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Why you should visit Namibia's Skeleton Coast

By Martha Hales

There’s remote, and then there’s the Skeleton Coast in northwest Namibia... 500 kilometres of empty dunes pummelled by Atlantic waves. This patch of coast gets its name from the many shipwrecks whose rusting husks are scattered along the seaboard, but it could just as easily be a reference to the vast emptiness of the area. The whole strip of Namib desert running behind the coast is protected as a national park, and though the majority of the territory is eerily empty, it is possessed of a haunting beauty among its dry dunes and crashing waves. Here we take a look at some of the reasons this destination captures the imagination and weaves a spell on everyone who ventures there.

Shipwreck on skeleton coast

The pristine environment

The Namib is widely believed to be the oldest desert in the world, and has been a dry and barren environment for many millions of years. It stretches around 2,000 kilometres along the Atlantic shore in a strip around 200 kilometres wide, from southern Angola down the entire length of Namibia and on into South Africa. The section known as the Skeleton Coast is the stretch of Namibian coast that runs south from the border with Angola, and it is characterised by high dunes and gravel plains. There is little evidence of human influence beyond the shipwrecks.   

Skeleton Coast in Namibia

The shipwrecks

There are thought to be around 1,000 shipwrecks punctuating the empty Skeleton Coast. Thick coastal fog is a characteristic of this coastline, arising where the chill from the cold Benguela Current meets the desert winds, and it is this fog along with the Atlantic swell which caused so many shipwrecks.

Fog bank on Namibia's Skeleton Coast

Some of the most famous ships which were lost along the Skeleton Coast include the Eduard Bohlen, the Benguela Eagle, and the Dunedin Star.

Edward Bohlen wreck on the Skeleton Coast

Impressive desert adaptations

Those same banks of fog which resulted in so many shipwrecks are also the means of survival for much of the life present in the desert habitats of the Skeleton Coast. Many endemic species have adapted over time to harvest moisture from fog, such as darkling beetles that line themselves up along the crests of dunes during foggy days and angle their bodies so that drops of water roll down their bodies to their mouths. Geckos lick moisture from plants and stones, whilst desert plants have evolved into shapes which maximise the water collection possibilities.

Namib sand gecko on Skeleton Coast

Coastal wildlife

Huge populations of cape fur seals are fascinating to watch at both Cape Cross and Cape Fria, particularly from December to April when they are rearing their pups.

Cape fur seals in Skeleton Coast area

They can survive in such numbers because the cold Benguela Current is rich in nutrients which in turn brings massive shoals of fish and plankton; perfect food for seals as well as several varieties of sea birds. Out in the waves, Heaviside’s dolphins and green turtles are frequent visitors, whilst on shore jackals and hyenas scavenge for meat among the seal colonies.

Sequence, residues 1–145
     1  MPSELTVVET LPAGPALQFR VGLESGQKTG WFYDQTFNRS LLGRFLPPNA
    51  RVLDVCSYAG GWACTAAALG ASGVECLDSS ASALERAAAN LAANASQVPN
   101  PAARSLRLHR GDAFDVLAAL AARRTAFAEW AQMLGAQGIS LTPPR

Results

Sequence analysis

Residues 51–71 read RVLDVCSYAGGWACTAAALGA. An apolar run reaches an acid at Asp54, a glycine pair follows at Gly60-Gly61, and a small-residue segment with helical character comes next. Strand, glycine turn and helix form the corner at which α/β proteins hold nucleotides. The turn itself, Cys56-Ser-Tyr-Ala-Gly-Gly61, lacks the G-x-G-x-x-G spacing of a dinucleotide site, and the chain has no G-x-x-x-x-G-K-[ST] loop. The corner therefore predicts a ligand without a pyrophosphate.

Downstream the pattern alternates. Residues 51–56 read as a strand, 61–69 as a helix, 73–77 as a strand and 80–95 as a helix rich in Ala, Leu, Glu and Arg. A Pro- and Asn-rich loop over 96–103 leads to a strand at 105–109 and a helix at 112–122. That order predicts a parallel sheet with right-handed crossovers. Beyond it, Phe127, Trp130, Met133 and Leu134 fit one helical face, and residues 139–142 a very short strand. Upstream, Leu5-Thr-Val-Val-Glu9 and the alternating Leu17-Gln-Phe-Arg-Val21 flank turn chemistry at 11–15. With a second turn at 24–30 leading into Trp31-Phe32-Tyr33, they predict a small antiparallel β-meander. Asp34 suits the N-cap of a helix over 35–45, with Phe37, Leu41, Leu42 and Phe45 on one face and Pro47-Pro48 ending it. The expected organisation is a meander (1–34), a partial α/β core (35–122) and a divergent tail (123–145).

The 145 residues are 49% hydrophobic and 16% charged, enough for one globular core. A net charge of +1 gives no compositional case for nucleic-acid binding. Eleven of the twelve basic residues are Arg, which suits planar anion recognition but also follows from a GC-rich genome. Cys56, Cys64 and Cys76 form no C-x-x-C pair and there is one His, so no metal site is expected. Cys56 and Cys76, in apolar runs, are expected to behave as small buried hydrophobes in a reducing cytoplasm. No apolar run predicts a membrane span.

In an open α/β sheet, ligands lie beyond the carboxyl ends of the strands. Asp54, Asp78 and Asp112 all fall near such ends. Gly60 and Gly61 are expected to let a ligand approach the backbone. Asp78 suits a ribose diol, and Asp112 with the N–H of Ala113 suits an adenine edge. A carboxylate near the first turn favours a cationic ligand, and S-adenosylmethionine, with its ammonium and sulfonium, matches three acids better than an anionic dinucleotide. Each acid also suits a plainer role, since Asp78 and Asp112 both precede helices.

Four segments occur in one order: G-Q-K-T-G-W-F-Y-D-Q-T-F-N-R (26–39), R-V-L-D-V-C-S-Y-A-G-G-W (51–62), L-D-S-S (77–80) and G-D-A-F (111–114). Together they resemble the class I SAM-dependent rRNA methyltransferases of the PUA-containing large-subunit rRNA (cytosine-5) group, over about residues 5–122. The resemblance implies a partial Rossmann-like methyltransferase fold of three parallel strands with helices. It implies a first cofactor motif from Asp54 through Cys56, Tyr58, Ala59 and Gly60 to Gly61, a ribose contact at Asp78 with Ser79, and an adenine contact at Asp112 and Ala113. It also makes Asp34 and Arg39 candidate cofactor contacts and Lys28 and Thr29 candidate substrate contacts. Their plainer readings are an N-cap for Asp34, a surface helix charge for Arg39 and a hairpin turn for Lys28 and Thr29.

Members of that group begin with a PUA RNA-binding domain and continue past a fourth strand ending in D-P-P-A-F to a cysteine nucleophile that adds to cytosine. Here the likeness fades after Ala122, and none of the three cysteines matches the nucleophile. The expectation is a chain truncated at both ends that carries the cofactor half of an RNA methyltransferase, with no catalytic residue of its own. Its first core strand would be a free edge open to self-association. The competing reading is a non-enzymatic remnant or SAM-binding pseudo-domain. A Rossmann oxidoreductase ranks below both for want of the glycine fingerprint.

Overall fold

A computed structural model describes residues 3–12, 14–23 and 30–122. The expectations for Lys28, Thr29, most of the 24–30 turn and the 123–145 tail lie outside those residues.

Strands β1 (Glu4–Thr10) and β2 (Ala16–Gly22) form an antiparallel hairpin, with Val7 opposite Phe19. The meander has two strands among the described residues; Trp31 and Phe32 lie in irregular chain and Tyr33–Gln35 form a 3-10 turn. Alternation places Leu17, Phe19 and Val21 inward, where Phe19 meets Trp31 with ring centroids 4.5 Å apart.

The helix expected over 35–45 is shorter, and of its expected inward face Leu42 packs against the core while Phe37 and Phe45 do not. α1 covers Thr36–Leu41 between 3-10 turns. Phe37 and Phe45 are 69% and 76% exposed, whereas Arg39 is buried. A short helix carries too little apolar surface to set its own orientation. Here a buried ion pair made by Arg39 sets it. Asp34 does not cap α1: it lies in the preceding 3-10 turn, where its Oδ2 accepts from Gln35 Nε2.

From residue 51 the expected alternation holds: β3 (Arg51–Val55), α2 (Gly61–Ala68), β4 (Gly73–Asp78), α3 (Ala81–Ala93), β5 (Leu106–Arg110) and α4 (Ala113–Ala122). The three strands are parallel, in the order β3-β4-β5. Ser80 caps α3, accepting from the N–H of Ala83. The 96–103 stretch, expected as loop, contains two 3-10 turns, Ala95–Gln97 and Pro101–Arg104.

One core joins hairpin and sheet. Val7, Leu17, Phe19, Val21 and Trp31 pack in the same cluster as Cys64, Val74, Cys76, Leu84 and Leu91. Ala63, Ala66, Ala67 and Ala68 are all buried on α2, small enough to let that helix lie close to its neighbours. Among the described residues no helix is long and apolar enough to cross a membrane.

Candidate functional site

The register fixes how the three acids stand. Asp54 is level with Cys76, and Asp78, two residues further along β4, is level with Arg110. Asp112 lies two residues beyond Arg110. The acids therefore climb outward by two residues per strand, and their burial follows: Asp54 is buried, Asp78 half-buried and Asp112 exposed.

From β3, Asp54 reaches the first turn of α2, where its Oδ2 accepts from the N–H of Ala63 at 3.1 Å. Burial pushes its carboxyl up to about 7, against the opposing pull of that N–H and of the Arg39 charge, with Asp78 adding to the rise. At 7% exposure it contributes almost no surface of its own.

Black backed jackal hunting on Skeleton Coast

Spectacular stargazing

One definite advantage of spending time exploring such an isolated region as the Skeleton Coast is the lack of light pollution. In fact Namibia has been certified as having one of the darkest skies anywhere on our planet. The lack of cloud cover and light from urban areas means it’s perfect for clear nights of stargazing. If you have even a passing curiosity in astronomy, or you are tempted by the romance of stargazing in the African desert, Namibia should be at the top of your wish list.

Starry sky in Namibia

Desert activities

There are more and more people making the journey to the Skeleton Coast with the sole aim of surfing the huge Atlantic swell in the middle of the wilderness, or kitesurfing across the flawless shoreline. There are numerous breaks and barrels to try for surfers, though the most famous are further south towards Lüderitz.

Kite surfer on Walvis Bay, Namibia

If watersports are not your thing, how about dune bashing in a 4x4, an aerial view of the drama of the coast from a light aircraft or a hot air balloon, or a wilderness safari learning about the pockets of life that survive in this hostile environment. To the north near the Angolan border there are villages of the Himba tribe, some of which can be visited.

Aerial view of seal colony skeleton coast

Make it happen

Such beguiling wilderness regions are rare, and the Skeleton Coast is special for its spellbinding, stark beauty and emptiness. Make it one of the stops on your Namibian itinerary, which our local experts will tailor to your specific requirements. Fill in a brief enquiry form to get started. To speak to someone in the TravelLocal office please call +44 (0)117 325 7898.